It looks as if the handcuffs have been put on senior quarterback Charlie Whitehurst. There are few deep passes or throws between the hashmarks being called from the sideline. The passing game has been extremely low-risk. The Tigers love the wide receiver screen and the Utah pass, two plays that aren't working and sometimes aren't worth the risk.
Whitehurst was criticized by some people for his play against Miami. Some said he choked, but the general feeling was that he just wasn't sharp. He missed a wide-open Chansi Stuckey in the end zone late in regulation for what would have been the winning touchdown, and he made a bad decision on the pass that was intercepted to end the game. The highlight against the Hurricanes for Whitehurst was a shocking, career-long 65-yard run.
Defensively, the Tigers put together a courageous effort against Boston College, but it wasn't enough. Before the Miami game, Bowden talked about how he wanted the defense to be more physical and to create more collisions. New coordinator Vic Koenning has spent a lot of time bemoaning the fact that his playmakers aren't making plays.
The Tigers are soft up the middle and in the defensive backfield. The zone approach in the secondary is giving up big completion after big completion. The Tigers also have been missing several tackles a game. When you're playing close games, one missed tackle in the wrong place can beat you.
Punting Continues Big Problems
Clemson lost the field-position battle to Miami. In their first eight drives, the Tigers' average starting position was their own 18-yard line.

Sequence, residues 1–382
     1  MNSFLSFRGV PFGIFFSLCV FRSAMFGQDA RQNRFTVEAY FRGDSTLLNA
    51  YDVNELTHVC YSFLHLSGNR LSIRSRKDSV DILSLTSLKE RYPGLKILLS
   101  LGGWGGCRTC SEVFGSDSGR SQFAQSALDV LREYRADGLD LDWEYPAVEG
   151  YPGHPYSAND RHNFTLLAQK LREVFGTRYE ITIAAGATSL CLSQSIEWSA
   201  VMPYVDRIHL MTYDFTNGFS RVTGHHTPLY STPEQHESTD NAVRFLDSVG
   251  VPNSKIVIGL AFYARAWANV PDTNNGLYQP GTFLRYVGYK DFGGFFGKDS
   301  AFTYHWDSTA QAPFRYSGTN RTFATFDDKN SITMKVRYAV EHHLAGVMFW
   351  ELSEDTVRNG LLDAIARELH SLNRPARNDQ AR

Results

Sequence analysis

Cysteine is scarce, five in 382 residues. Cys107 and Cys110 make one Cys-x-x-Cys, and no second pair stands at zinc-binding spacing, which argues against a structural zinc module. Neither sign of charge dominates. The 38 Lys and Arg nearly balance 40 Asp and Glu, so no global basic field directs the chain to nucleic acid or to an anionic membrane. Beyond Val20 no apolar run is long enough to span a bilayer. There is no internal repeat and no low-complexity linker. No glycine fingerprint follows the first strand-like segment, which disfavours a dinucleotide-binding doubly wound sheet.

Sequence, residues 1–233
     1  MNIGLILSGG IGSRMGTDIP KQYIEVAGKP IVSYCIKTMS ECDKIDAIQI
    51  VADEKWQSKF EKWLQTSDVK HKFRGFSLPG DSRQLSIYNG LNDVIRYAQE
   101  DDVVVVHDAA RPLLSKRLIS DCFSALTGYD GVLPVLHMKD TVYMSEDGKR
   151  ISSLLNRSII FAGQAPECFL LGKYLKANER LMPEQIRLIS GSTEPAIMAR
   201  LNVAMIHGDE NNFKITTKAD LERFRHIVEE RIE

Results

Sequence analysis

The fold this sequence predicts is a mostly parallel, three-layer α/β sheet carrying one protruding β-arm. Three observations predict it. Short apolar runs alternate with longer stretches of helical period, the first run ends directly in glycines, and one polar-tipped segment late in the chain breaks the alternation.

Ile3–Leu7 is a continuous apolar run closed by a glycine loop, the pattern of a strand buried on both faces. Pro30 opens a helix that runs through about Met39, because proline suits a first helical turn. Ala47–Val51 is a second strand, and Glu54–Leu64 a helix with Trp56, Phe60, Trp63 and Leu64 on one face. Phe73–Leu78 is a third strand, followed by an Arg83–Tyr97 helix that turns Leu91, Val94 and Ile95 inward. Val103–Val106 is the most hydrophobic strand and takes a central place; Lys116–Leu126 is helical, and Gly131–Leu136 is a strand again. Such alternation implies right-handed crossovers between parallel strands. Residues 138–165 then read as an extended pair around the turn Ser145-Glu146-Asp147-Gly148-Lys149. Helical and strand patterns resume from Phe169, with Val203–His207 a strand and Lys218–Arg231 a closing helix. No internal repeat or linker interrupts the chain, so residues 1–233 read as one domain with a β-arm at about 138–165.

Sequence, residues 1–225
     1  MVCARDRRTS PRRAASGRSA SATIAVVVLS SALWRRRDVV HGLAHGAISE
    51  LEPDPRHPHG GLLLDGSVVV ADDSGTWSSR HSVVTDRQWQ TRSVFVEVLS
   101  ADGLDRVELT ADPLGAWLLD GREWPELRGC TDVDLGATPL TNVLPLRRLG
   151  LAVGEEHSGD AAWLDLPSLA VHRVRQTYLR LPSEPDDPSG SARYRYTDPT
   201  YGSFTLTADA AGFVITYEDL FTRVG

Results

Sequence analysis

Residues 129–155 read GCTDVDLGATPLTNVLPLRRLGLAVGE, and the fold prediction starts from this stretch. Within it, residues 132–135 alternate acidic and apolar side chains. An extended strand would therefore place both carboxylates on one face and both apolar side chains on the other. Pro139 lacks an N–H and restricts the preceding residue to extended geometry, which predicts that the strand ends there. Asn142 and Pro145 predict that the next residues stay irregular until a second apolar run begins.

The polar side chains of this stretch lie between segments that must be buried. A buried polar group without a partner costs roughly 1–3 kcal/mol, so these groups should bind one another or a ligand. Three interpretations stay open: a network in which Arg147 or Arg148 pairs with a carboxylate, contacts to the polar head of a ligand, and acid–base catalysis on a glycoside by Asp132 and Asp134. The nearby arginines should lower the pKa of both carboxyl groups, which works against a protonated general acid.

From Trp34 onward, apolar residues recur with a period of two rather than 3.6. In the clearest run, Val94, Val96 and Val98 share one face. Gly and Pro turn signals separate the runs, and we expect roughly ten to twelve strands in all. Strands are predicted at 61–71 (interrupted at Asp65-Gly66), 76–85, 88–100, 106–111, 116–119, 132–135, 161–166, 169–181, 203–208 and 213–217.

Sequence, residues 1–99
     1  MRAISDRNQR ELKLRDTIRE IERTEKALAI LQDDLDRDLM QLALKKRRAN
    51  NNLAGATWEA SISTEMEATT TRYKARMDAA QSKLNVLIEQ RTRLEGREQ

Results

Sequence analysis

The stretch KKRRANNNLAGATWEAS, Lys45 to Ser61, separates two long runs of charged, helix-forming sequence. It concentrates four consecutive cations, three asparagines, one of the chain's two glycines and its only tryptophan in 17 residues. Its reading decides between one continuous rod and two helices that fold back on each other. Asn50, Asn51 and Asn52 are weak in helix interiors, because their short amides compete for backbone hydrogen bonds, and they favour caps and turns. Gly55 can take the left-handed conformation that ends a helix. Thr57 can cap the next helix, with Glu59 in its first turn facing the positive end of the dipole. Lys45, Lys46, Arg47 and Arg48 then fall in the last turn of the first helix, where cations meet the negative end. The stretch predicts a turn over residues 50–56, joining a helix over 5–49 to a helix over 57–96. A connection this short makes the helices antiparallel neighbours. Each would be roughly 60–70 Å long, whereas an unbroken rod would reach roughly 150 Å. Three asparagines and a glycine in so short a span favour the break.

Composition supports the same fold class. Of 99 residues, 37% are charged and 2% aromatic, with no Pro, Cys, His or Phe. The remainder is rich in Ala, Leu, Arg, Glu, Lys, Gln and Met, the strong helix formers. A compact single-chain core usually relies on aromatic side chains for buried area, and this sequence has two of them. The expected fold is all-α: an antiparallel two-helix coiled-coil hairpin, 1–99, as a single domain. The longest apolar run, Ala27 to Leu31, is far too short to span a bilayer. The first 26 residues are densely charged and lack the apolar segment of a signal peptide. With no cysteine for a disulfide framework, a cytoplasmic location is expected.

A big reason for the poor field position was the ineffective punting of Cole Chason. Clemson and Miami both punted seven times, but the Hurricanes' total punt yardage was almost 80 yards more than that of the Tigers.
The punting got so bad that assistant coach Jack Hines held a meeting on the Sunday after the Miami game. All of the punters were on hand, and so was former Clemson punter Chris McInally, who is involved with several summer kicking camps. The meeting involved mostly film study and talk about technique.
Chason averaged 36.8 yards per punt against Miami and 38.3 against BC. It was a small improvement, but still not enough to keep the Tigers from losing yardage every time they were forced to punt. Miami and BC both averaged better than 42 yards per kick.
Chason needs to get better in a hurry, or Bowden needs to try somebody else. Giving up 10 yards per punt, which the Tigers did in the Miami game, also will get you beat.
Bad Reporting On Downer Injury
Tight end Cole Downer suffered a bad break late in the Miami game. He landed on the football while being tackled, rupturing his spleen. Quick action by the Clemson medical staff on hand for the game may have saved his life. Approximately one hour after the final play, Downer had surgery to remove his spleen.
A senior from Chantilly, Va., Downer was starting to become a major weapon in Spence's multi-formation offense. Clemson is going to apply for a medical redshirt for Downer, even though the possibility of him stepping onto the field again is remote.
Meanwhile, in yet another display of how hyperactive and irresponsible some independent college-sports websites have become, one Clemson-related site reported that Downer had to be rushed back into surgery late last week because of internal bleeding. It was not true. Clemson sports information director Tim Bourret notified all media outlets that Downer was resting in his room at the time he reportedly was in the follow-up surgery.